Before employers jump in with both feet, though, they need to consider the potential pitfalls of video resumes. One obvious disadvantage is that although younger applicants have been immersed in all aspects of social media and would most likely be comfortable using an application process such as TikTok Resume, older applicants might not be that familiar with the technology and might find the process difficult. Thus, the older segment of job candidates would potentially be at a disadvantage, and employers might find seeking experienced candidates for higher-level positions harder to do using a video platform. 

2. Applicant may not have access to necessary equipment 

Another potential issue is that candidates from wealthier backgrounds might have access to better equipment and software to record and edit a compelling video resume. This could be a distinct disadvantage to the candidates who are just trying to get something out there and don’t have access to quality equipment or have the ability to present a video that looks polished or professional in the eyes of a hiring manager. This creates a potential issue regardless of the content of the video. 

3. Potential hiring bias

Another potential downside to video resumes is that they could result in an upturn in discrimination in hiring. Getting to know an applicant on paper gives an employer a sense of who that applicant is before employers ever see that person. They can see what type of education the candidate has and where they got that education. They can see any certifications the candidate has earned and if the candidate has an impressive employment history or not.

Applicants who look good on paper will catch the eye of employers sight unseen. On the other hand, video resumes present the person first, giving the hiring manager information about the person’s race, ethnicity, gender identification, sexual orientation, disability status, and other factors that might generate bias in hiring and expose businesses to the risk of damaging lawsuits.

4. Can be difficult to check employment history

Employers might also find it difficult to conduct a background check on an applicant based on a video resume. Without a hard copy of employment history on a resume, hiring managers will have to get that information from watching the video. If the candidate’s voice or accent makes them hard to understand, it could make it challenging for employers to identify workplaces, former supervisors, or other key details about work history.

Wil Video Resumes Stick Around?

Regarding the question as to whether or not TikTok or video resumes are here to stay, the answer is most likely yes. Technology will continue to advance, and we will use the tools at our disposal to advance it. Whereas recruitment used to be done with paper resumes and employers sifting through them by hand, we can see the progression to more digitized and virtual processes. If it isn’t TikTok, it will be another social media platform that innovates the way in which job seekers apply for new jobs and opportunities.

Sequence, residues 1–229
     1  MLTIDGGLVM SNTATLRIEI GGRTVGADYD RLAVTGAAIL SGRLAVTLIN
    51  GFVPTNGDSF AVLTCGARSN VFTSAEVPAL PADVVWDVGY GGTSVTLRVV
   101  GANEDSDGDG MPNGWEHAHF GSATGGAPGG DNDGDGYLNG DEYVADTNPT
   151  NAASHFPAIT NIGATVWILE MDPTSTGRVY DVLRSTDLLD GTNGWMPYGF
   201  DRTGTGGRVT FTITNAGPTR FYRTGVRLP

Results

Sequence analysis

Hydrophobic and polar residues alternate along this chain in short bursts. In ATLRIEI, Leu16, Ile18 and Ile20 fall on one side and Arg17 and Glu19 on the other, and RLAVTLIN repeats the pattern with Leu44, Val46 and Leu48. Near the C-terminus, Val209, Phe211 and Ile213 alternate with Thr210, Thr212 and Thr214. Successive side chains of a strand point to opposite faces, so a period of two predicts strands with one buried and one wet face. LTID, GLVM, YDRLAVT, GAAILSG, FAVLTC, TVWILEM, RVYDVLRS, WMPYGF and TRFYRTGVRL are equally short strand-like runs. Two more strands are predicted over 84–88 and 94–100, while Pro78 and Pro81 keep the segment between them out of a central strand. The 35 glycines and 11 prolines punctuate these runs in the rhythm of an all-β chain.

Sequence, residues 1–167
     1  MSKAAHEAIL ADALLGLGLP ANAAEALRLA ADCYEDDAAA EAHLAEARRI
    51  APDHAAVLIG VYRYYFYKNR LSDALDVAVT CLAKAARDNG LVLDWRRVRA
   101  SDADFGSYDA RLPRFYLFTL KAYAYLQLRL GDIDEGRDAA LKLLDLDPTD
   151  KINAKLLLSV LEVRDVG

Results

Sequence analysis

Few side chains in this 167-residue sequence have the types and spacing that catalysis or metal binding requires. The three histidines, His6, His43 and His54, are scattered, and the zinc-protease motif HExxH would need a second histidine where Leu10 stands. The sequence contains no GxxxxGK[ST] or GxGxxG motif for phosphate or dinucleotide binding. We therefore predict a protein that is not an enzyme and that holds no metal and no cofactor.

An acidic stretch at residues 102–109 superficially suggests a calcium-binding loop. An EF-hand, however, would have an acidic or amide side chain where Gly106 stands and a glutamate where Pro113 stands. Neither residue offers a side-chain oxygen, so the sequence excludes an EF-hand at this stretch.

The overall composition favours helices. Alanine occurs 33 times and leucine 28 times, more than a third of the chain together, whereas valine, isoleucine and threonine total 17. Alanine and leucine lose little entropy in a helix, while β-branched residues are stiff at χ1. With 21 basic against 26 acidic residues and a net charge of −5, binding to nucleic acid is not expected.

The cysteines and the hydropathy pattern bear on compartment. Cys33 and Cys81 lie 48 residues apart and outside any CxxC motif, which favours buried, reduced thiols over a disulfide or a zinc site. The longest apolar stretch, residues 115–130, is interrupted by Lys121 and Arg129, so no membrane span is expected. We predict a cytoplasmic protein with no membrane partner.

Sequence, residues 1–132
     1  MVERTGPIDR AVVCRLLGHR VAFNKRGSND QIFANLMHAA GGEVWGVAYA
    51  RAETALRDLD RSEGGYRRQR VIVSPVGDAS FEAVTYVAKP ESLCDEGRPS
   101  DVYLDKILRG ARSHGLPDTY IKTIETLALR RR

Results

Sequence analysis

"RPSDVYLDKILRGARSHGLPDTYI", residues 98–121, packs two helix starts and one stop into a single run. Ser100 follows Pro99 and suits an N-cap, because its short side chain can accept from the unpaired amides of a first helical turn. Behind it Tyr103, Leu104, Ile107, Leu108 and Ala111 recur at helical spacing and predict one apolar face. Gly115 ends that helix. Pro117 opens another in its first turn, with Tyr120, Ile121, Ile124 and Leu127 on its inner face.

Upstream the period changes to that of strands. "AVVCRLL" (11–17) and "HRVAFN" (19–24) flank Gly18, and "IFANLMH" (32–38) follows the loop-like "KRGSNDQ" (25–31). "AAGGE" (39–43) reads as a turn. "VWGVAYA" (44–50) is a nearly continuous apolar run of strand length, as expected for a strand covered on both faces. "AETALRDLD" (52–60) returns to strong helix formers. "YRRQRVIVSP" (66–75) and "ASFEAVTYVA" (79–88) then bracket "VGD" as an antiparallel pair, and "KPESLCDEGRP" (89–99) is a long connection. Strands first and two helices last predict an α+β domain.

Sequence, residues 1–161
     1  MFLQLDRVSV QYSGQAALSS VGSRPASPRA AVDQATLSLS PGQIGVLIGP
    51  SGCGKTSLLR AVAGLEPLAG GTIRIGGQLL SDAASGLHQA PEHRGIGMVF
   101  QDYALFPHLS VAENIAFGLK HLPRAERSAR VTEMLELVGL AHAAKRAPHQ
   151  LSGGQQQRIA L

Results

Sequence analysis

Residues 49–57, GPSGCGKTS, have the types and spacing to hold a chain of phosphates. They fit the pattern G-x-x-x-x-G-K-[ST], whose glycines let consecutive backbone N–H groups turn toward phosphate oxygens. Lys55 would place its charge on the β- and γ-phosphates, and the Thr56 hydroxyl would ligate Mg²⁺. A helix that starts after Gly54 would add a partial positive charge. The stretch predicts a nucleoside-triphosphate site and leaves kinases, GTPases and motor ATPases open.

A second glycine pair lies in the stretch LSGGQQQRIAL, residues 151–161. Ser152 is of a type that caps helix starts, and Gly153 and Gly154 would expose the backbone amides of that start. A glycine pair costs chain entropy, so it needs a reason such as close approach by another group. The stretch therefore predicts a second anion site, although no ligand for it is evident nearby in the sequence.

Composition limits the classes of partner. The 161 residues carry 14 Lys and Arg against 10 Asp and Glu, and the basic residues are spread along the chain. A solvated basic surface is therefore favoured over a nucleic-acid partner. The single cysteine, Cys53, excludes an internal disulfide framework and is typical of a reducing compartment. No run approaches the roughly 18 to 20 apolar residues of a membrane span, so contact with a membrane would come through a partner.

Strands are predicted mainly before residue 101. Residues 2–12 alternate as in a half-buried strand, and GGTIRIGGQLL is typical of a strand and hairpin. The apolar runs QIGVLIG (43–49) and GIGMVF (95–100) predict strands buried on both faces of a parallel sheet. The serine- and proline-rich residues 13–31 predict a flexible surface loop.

Traditional text-based resumes in the recruiting process are not going away any time soon. Both applicants and recruiters will more likely use both traditional resumes and video as part of the process. Employers will be able to give job seekers an option as to which method is more comfortable for them. But video is part of the emerging shift in technology, and it will continue to integrate deeper into many aspects of our lives. Video resumes are just one piece of that. 

Will Virtual Resumes Replace Conventional Resumes?

TikTok resume could be the first step in video job applications that will eventually replace conventional resumes. But platforms like TikTok must continue to be aware of the goal of this new recruiting technology, which is to make it easier for candidates to find the best opportunities that fit their skills and experience, without creating new barriers. There are a number of kinks to work out before video resumes can achieve that.

Even though using video platforms in the recruiting process comes with inevitable problems and hurdles, the value in reaching the workforce demographics of tomorrow will make it a worthwhile effort. And as more and more applicants use video technology to apply for jobs, companies that specialize in video and mixed-media resumes will emerge to help candidates put together quality presentations, helping to make video resumes the way of the future.

Related: Do You Need a Digital Resume? 

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Pete Newsome is the founder of zengig, which he created after more than two decades in staffing and recruiting. He’s also President of 4 Corner Resources, the Forbes America's Best Staffing and Recruiting Firm he founded in 2005, and is a member of the American Staffing Association and TechServe Alliance. In addition to his passion for staffing, Pete is now committed to zengig becoming the most comprehensive source of expert advice, tools, and resources for career growth and happiness. When he’s not in the office or spending time with his family of six, you can find Pete sharing his career knowledge and expertise through public speaking, writing, and as the host of the Finding Career Zen & Hire Calling podcasts. Connect with Pete on LinkedIn